Micropacemaker implanted in less invasive area near heart

June 26 (UPI) — A minimally invasive micropacemaker system has been developed to be inserted in the pericardial sac surrounding the heart, which could make surgery to place the devices more easy and available to more patients.

Scientists and engineers at Children’s Hospital Los Angeles and the University of Southern California created the micropacemaker, which is inserted through a single tiny incision, avoiding an invasive surgical procedure and complications from long pacemaker leads. Their findings were published Tuesday in the journal Circulation: Arrhythmia and Electrophysiology.

Their system was tested on six pigs, including the placement of a functioning device in one animal.

“Much about this device and its implantation is novel — starting with implanting an entire pacing system in the pericardial space in a minimally invasive fashion, which has never been done before,” said CHLA cardiologist Dr. Yaniv Bar-Cohen, a professor of clinical pediatrics and medicine at USC’s Keck School of Medicine.

Many patients with slow or irregular heartbeats are not considered good candidates for the traditional transvenous systems, which includes passing electrode wires through veins into the right ventricle or atrium of the heart. In those cases, lead failure can be a challenge, but leadless systems that can be located inside blood vessels can be dislodged and increase risk for infection.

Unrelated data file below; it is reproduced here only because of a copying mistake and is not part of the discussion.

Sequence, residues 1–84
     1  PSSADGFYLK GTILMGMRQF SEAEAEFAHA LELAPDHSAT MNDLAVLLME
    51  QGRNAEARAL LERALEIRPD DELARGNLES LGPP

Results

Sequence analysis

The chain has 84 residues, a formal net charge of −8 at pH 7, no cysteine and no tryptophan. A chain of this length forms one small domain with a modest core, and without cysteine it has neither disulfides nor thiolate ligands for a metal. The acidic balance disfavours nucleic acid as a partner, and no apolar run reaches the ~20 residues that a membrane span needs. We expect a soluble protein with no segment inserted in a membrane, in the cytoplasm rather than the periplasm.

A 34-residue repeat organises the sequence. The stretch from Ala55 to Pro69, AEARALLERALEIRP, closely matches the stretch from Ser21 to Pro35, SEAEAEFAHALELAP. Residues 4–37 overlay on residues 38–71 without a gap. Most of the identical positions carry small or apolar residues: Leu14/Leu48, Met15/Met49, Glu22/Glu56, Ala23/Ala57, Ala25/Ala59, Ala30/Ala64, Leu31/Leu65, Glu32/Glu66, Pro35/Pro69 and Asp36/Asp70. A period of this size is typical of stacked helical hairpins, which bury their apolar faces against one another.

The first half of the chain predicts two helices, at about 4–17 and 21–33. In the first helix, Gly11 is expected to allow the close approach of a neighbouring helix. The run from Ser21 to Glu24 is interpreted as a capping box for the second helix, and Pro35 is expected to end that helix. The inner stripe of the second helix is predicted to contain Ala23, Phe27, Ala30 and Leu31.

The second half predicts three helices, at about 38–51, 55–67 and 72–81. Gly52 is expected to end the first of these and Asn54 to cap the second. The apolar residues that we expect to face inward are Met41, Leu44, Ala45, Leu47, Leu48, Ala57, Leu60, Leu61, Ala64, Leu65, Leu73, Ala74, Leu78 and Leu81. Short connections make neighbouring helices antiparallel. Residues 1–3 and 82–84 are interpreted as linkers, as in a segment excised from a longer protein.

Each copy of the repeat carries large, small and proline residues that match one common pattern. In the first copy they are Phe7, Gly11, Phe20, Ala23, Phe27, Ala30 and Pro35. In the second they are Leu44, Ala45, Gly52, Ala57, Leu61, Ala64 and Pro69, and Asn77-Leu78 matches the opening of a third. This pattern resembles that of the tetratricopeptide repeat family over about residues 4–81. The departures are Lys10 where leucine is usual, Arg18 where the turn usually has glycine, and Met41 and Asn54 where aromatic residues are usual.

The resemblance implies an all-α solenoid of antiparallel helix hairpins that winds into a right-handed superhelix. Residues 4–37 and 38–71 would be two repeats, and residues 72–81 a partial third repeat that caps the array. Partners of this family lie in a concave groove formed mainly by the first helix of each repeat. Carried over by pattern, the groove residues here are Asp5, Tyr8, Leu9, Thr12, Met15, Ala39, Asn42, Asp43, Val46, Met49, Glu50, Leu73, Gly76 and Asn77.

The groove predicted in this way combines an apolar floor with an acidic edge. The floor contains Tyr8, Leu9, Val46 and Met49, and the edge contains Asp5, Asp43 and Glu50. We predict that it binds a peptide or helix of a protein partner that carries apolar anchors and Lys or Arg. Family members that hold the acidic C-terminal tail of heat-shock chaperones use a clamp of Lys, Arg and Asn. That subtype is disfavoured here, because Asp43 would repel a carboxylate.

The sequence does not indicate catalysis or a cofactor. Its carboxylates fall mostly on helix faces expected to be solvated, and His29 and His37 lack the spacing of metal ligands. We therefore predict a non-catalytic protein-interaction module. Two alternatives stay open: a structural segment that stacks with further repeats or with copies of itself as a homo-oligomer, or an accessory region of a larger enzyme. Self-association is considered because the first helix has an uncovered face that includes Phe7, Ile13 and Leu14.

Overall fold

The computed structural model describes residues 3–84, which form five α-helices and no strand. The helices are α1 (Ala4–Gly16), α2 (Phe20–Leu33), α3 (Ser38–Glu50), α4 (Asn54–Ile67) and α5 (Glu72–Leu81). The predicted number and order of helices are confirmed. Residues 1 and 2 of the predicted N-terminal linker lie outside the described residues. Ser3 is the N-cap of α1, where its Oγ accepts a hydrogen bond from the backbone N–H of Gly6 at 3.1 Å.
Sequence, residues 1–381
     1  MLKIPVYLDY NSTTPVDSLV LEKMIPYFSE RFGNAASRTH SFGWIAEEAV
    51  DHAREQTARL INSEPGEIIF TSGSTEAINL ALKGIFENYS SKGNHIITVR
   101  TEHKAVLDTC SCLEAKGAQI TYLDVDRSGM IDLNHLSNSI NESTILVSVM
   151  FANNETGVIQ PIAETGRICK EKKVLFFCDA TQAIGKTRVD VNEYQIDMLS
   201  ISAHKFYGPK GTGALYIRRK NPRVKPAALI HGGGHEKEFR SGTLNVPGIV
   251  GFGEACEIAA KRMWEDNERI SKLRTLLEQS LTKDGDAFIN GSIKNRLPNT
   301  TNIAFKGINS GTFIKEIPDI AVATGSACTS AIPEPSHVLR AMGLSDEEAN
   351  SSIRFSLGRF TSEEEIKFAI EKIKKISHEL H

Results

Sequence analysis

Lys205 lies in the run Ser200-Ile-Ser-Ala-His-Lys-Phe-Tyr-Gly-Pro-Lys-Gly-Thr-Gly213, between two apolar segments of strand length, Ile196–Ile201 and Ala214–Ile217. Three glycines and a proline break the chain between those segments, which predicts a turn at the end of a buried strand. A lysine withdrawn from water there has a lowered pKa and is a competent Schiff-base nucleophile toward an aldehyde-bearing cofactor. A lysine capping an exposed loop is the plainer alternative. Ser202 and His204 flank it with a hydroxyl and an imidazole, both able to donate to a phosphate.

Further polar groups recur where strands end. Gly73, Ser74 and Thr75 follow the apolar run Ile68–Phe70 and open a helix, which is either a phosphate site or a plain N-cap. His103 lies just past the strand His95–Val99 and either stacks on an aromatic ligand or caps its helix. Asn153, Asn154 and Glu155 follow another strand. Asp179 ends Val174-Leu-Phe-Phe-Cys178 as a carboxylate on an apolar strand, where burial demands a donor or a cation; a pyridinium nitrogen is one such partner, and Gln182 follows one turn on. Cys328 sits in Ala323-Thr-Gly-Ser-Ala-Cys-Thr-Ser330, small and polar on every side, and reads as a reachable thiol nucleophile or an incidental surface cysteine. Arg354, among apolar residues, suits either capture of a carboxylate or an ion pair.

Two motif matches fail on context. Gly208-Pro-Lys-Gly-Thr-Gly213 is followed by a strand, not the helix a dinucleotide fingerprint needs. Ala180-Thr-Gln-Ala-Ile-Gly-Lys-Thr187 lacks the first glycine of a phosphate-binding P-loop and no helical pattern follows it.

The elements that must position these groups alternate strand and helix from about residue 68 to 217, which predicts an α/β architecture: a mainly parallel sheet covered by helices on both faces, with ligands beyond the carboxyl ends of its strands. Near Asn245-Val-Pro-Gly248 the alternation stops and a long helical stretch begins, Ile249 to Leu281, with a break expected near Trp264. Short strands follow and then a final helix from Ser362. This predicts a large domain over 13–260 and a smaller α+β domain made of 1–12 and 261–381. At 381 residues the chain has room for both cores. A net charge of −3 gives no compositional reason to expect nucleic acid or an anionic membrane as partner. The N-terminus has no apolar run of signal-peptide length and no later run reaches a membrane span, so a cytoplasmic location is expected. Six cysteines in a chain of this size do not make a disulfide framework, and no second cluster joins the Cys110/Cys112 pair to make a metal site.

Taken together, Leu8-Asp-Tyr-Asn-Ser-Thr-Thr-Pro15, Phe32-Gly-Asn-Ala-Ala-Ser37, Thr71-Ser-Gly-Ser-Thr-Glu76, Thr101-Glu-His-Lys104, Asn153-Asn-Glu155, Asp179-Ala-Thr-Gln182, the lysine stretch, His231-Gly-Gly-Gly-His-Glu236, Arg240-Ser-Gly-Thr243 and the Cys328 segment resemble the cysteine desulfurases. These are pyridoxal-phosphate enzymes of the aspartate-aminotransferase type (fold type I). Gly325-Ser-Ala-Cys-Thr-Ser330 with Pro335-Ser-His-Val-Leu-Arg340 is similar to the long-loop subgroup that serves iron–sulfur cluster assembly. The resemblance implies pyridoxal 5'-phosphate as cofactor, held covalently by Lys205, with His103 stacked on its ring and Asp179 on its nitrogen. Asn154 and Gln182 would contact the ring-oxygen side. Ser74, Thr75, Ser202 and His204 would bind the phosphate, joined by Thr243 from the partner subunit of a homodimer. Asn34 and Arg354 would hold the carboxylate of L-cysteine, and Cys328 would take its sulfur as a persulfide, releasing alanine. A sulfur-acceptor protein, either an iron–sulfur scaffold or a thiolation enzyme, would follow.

In 2015, the investigators developed the first fully implantable micropacemaker designed for use in a fetus with complete heart block.

The new micropacemaker can help children, people born with congenital heart disease and adults for whom traditional pacemakers are less than ideal.

After several implantation tests, researchers developed a functional pacing system that achieves up to five days of pacing.

In the method, a flexible short lead serves as a spring-loaded hinge between the pacemaker body and a corkscrew electrode implanted at a 90-degree angle into the heart surface. The hinge returns perpendicularly after deployment.

This method paces the left ventricle, compared with the right one in most systems. Researchers see better benefits with the system on the left side.

The micropacer also uses natural fibrosis for support, which the researchers say is a better connective tissue than using a synthetic polymer that may degrade over time.

Researchers say they are currently looking for an industry partner to further develop the system.